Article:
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Walker goes caroling

When a woman who works for Larks approached the double doors at the front of the popular Ashland Springs Hotel restaurant Tuesday night and poked her head out to address the throng of carolers assembled on the sidewalk, most of the quote-unquote singers assumed they were about to get the old Yuletide hook.

That would have been an understandable, if not diplomatic response. The 40 or so faculty members, parents and children from Walker Elementary, enthusiastically participating in the school’s first caroling foray, had enough bundled up, shivering bodies to block a large portion of the view Larks customers expect, and for those with romantic notions it was a dreamy winter night in downtown Ashland, perfect for sharing a New York-style cheesecake and watching the Christmas lights sparkle.

But then something unexpected happened. The woman, possibly a member of the wait staff, directed the carolers to the Larks entrance, off to the left. It was an invitation to sing for the guests, inside.

“Really?” somebody asked.

“Yeah,” she said.

So Walker Elementary’s unofficial holiday street choir, which consisted of, among others, Principal Tiffany Burns and her family, first-grade teacher Kathleen Mateas, head custodian Lisa March, seventh/eighth grade math teacher Laurie Altinger and third-grade teacher Morgan Cottle, shuffled single file through Larks’ small waiting room and into the softly-lit, acoustically-frightening main dining area, where some two dozen patrons shifted in their seats and looked up expectantly.

Only 20 minutes prior the carolers had assembled in the Plaza, where Burns distributed to each willing caroler two stapled-together sheets consisting of the lyrics to six songs, all printed on Walker-blue paper. This, for Burns, represented a key upgrade in planning over her previous caroling experience.

“I went last year with a group of my friends and our kids, and we were bad,” she said, shaking her head. “We didn’t know the words, but it was a fantastic time. I printed it out this time. I absolutely learned from that mistake.”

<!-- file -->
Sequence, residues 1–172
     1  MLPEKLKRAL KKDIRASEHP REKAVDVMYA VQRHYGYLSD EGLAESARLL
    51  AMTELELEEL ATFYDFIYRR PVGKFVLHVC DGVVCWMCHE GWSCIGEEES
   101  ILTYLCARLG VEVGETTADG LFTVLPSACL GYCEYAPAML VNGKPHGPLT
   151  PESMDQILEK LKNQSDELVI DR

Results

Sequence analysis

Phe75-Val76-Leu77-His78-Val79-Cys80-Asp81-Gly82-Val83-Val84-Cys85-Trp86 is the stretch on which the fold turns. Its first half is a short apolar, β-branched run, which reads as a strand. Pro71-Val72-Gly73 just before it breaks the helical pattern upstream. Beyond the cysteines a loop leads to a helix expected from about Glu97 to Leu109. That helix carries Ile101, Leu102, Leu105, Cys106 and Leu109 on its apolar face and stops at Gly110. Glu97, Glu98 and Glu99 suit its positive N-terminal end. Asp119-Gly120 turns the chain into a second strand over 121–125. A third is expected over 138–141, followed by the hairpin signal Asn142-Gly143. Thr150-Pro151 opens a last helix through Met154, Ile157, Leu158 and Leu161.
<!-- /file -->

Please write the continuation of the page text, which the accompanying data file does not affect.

To add a touch of uniformity, Burns also ordered a shipment of stocking caps — also Walker blue — which were available to anybody interested for the low, low price of $4. Burns purchased the caps out of pocket, a detail she expertly shushed once her husband, freelance writer Alec Dickinson, approached to within earshot.

Minutes before it was time to begin, a woman asked Burns if any more hats were available, to which she said yes, in her car, which was parked nearby.

“I’ll take one,” she said.

“You’re killin’ me!” Burns shouted over her shoulder as she jogged across the street.

“Ok, two.”

Since the whole thing was arranged on a whim by Burns and Mateas only two weeks ago, expectations were minimal. The goal, they said, was simply to get the Walker family together for a night of carefree fun.

“The game plan is, go to as many places as possible,” Mateas said.

Will carolers enter buildings, or just sing outside?

“If they invite us in, we’ll absolutely entertain,” Mateas said. “But I think the goal is just kind of walk the Plaza and sing together, just kind of create this sense of community.”

Mateas, 34, certainly held up her end of the bargain. A charismatic ninth-year teacher with an infectious laugh and bright smile, Mateas jump-started the carolers into most of the songs, pumping her fist on the beats and occasionally calling for a Walker Wolf howl, which was always answered with a hearty “Owwwwwww.”

The carolers worked their way south down Main Street then circled back, stopping to sing “Deck the Halls” in front of Macaroni’s, “Frosty the Snowman” in front of the Chamber of Commerce building and “Winter Wonderland” in front of Paddington Station. And, of course, the surprise invitation at Larks.

There, the carolers opened with “Jingle Bells” then closed with “Deck the Halls”, occasionally glancing at the printouts but mostly just winging it. As they belted it out, most of those in attendance either put down their forks and swayed back and forth or sang along.

The audience applauded after the final “fa la la la la, la la la la,” and the carolers exited. Mateas called out, “Happy holidays from Walker Elementary.”

The carolers gathered at the Plaza for one more song before dispersing, but instead of a Christmas carol they sang Walker’s school song, which ends like this:

“Howl Walker Wolves — owwwwww — we never feel alone/we love our den and all our friends/the wolfpack is our home. Howl Walker Wolves — owwwwww — we never feel alone/we love our den and all our friends/the wolfpack is our home.”

Walking away with her mom, Walker fourth-grader Claire Alexander was asked about the experience. Wasn’t it a little scary, singing in front of strangers? Did it make her nervous?

“No,” she said, “because I had my wolfpack.”

Joe Zavala is a reporter for the Ashland Daily Tidings. Reach him at 541-821-0829 or jzavala@dailytidings.com.